Home | Book Store | Toolstore | Consulting Room | Contact | FAQs & Search | About


 
Drop Down Menu

ISO 9000ISO 9001:2015
ISO 9001:2008
Key Requirements
Most important clause
ISO 9001 Misconceptions
Why do more?
Should we drop ISO9000?
ISO 9000 Fact Sheets

Why do more than ISO 9001 requires?

We have often been asked this question. Why  indeed do more than the minimum requirements of ISO 9001? There are two sides to this question.

  • Do we need to do more than necessary to get the certificate?

  • Do we need to do more than ISO 9001 requires?

The goal

One needs to be clear about the goal. Is the goal simply to get ISO 9001 certification or to develop a capability to satisfy your customers? In theory the answer to these two should be identical because organizations should not get a certificate if they don't have the capability to satisfy their customers. In reality this is far from the truth. ISO 9000 registered organizations are failing to meet their customer's expectations on a daily basis.

Doing more than necessary to get the certificate

In truth, this is the wrong question because if you need to ask this question, you have probably misunderstood the purpose of ISO 9000. ISO 9001:2008 is an assessment standard - it is used to measure the capability of an organization's quality management system to deliver products and services that satisfy customer needs and expectations. Therefore the objective is not to get a certificate but to develop a capability to satisfy customer needs and expectations. By demonstrating that the organization has this capability, a certificate is awarded. So if we turn around this question, we should ask, 'Why do more than necessary to develop a capability to satisfy customer needs and expectations?'

To get the certificate you need do no more - to run an effective business you need to do much more.

Doing more than ISO 9001 requires

Doing more than ISO 9001 requires is like limiting your education to the questions on the exam paper. People who get on in life learn much more than the scope of the examinations they take. So it equally true of business. Businesses need to do more than what is prescribed in ISO 9001 to operate successfully. There is no organization on the planet that only does what is prescribed in ISO 9001 simply because it is not a prescription for how to run a business.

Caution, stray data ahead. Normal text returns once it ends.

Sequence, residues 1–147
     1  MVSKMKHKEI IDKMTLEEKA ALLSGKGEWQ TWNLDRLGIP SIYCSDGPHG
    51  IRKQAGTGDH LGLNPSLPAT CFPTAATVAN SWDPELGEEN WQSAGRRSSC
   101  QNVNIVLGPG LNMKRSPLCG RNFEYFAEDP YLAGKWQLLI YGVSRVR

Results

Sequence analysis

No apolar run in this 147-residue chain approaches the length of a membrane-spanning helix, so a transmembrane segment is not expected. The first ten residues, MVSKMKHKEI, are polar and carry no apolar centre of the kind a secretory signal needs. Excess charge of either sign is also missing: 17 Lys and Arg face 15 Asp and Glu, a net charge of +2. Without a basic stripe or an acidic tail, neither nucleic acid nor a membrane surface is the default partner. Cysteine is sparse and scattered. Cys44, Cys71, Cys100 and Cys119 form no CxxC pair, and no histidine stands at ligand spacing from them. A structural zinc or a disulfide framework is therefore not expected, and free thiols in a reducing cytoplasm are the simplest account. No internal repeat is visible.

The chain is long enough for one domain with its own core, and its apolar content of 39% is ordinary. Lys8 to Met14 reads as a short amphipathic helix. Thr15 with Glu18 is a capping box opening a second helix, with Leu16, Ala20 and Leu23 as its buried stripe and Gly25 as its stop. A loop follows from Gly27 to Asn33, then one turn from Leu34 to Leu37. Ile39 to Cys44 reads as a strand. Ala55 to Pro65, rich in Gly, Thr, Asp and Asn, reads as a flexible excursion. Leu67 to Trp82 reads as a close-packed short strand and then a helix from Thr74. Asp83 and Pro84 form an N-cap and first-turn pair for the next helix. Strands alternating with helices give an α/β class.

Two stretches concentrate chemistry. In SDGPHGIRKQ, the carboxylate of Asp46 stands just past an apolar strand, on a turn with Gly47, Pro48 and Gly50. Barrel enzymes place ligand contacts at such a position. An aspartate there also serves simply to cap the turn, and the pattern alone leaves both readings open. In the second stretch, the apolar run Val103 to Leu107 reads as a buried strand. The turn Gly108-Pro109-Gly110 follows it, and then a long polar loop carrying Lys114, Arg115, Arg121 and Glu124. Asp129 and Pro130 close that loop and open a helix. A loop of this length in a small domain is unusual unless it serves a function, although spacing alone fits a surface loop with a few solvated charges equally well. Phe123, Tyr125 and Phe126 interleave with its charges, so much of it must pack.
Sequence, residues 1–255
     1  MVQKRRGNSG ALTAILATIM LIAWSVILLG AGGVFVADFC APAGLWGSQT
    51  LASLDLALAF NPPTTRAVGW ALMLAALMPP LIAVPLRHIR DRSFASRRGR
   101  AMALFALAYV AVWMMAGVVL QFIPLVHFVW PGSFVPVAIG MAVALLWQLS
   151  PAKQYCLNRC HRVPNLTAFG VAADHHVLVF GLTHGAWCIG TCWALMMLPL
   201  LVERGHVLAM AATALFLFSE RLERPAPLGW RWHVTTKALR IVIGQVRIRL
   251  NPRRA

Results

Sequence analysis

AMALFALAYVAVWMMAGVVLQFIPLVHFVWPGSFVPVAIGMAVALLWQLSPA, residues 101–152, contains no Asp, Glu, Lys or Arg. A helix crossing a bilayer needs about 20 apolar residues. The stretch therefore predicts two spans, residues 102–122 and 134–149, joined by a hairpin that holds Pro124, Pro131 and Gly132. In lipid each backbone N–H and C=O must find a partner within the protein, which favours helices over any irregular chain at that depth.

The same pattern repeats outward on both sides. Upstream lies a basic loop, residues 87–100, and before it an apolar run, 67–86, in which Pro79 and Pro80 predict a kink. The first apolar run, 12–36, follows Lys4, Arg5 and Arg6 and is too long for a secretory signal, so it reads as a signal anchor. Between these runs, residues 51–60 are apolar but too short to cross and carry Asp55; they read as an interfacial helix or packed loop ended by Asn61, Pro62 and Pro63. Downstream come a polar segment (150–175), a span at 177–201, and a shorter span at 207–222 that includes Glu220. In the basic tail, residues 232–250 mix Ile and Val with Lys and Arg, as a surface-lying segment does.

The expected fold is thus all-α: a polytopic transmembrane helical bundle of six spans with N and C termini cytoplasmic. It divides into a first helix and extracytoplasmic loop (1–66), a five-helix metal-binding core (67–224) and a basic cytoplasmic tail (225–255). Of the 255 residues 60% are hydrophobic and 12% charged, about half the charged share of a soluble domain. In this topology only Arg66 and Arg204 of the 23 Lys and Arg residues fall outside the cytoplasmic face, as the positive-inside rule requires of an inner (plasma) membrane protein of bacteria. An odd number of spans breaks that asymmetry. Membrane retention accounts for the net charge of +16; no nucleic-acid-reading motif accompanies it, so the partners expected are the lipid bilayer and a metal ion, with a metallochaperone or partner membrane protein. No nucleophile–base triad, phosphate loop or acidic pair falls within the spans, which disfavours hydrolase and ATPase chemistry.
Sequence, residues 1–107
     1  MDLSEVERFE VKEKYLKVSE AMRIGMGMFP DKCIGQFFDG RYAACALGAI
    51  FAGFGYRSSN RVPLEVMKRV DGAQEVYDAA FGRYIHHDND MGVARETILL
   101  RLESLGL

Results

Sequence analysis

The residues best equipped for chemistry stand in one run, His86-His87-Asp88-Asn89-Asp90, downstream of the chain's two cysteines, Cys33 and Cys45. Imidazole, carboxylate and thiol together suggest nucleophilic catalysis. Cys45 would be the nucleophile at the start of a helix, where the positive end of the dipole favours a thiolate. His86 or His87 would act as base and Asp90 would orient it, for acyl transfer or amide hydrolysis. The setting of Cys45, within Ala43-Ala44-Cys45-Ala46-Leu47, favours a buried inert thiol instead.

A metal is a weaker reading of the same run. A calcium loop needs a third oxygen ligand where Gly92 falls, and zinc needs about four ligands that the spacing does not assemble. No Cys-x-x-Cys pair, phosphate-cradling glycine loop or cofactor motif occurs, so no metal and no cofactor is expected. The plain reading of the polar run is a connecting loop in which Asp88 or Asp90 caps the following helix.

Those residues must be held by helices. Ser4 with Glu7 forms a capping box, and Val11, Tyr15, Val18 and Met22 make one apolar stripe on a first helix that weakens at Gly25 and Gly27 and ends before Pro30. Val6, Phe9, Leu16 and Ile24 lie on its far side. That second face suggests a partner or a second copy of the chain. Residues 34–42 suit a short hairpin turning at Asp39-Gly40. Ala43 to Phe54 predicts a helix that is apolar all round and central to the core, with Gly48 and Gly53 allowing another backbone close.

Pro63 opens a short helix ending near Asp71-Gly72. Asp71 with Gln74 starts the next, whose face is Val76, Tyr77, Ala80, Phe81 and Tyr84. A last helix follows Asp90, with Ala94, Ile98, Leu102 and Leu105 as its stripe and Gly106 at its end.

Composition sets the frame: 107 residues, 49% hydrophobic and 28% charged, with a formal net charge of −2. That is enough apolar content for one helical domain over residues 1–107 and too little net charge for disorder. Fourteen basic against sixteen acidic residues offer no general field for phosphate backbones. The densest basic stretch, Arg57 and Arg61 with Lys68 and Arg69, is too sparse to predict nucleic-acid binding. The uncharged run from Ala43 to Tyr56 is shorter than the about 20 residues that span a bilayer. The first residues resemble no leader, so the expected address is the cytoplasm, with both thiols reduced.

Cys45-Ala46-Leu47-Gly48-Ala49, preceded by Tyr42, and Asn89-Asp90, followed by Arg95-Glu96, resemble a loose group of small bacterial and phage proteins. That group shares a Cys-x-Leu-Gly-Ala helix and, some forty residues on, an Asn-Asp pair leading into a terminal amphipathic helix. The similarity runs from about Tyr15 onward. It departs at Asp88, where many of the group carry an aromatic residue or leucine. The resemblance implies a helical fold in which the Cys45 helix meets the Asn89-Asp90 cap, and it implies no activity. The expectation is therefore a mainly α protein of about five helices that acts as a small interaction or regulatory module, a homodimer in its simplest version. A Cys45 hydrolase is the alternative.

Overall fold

ISO 9001 addresses only certain aspects of the system organization's need to operate to enable them to satisfy customer needs and expectations. Not all aspects are covered although it rather depends on how one interprets the words. One could argue that staff salaries have nothing to do with ISO 9001. But if one asks, what affects our ability to satisfy our customers we are likely to list among the answers, the competence of our people - and indeed competence is addressed by ISO 9001. But if we then ask, what affects the competence of our people we might discover that staff moral has a significant impact. Moral can be adversely affected by dissatisfaction with salaries. As almost anything can have an impact on customer satisfaction it would be unwise to limit one's examination to the topics included in ISO 9001. There is of course the Preventive Action clause which catches all - even staff salaries if one uses the 5 How's technique to get at the route cause.

Not long ago a nuclear processing plant was in the news for falsifying quality control records. Day after day, the workers would measure hundreds of tiny pellets of fuel. Tedious, repetitive and not really necessary - because the work had already been done by a computer. But, at some stage, some workers alighted on a novel solution to their boredom. They would fake the results by using data from previous tests and manipulate it to look like fresh data. The only problem was that the company's Japanese customer, insisted that it be carried out to ensure quality control. A worker admitted what had been going on to the company. The company warned the Health and Safety Executive's Nuclear Installations Inspectorate and an investigation began. Five men were sacked. The report, by the Chief Inspector of Nuclear Installations, blames a systematic failure in management for a decline in the company's safety culture. If proper structures had been in place, it says, falsification of data could never have taken place.

This is a company that had obtained ISO 9001 certification but the certification body had not examined culture when conducting the audit. Customers were not satisfied. Culture is not overtly covered in ISO 9001 therefore one sometimes has to do more than what ISO 9001 requires to develop the capability needed to satisfy customer's needs and expectations.

 

Active scripting needs to be enabled in IE to use the pull down menus
Last amended 24/08/2013
Home | Book store | Tool Store | Consulting Room | FAQs and Search | Contact

Transition Support 2013